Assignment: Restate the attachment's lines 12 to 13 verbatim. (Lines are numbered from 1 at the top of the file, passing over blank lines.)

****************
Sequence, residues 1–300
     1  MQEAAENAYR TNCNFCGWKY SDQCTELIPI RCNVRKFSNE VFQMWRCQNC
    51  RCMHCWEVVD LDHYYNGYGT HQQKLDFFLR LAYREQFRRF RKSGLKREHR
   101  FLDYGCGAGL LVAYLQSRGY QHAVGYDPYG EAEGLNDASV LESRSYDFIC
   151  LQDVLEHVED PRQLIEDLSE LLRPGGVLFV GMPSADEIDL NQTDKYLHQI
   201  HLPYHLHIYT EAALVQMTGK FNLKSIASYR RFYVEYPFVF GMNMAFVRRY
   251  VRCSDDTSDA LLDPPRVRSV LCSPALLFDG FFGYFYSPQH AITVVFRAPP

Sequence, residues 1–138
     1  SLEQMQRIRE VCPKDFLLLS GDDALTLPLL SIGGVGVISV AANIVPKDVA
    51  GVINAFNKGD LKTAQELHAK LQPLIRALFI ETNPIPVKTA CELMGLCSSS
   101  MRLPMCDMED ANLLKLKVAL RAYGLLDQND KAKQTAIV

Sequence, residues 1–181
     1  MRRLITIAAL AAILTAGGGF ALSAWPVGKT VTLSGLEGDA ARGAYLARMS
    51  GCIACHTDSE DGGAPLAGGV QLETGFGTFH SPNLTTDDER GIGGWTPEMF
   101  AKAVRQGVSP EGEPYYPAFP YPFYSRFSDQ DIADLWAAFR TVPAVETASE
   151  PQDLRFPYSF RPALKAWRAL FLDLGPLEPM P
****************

Sequence, residues 1–181
     1  MRRLITIAAL AAILTAGGGF ALSAWPVGKT VTLSGLEGDA ARGAYLARMS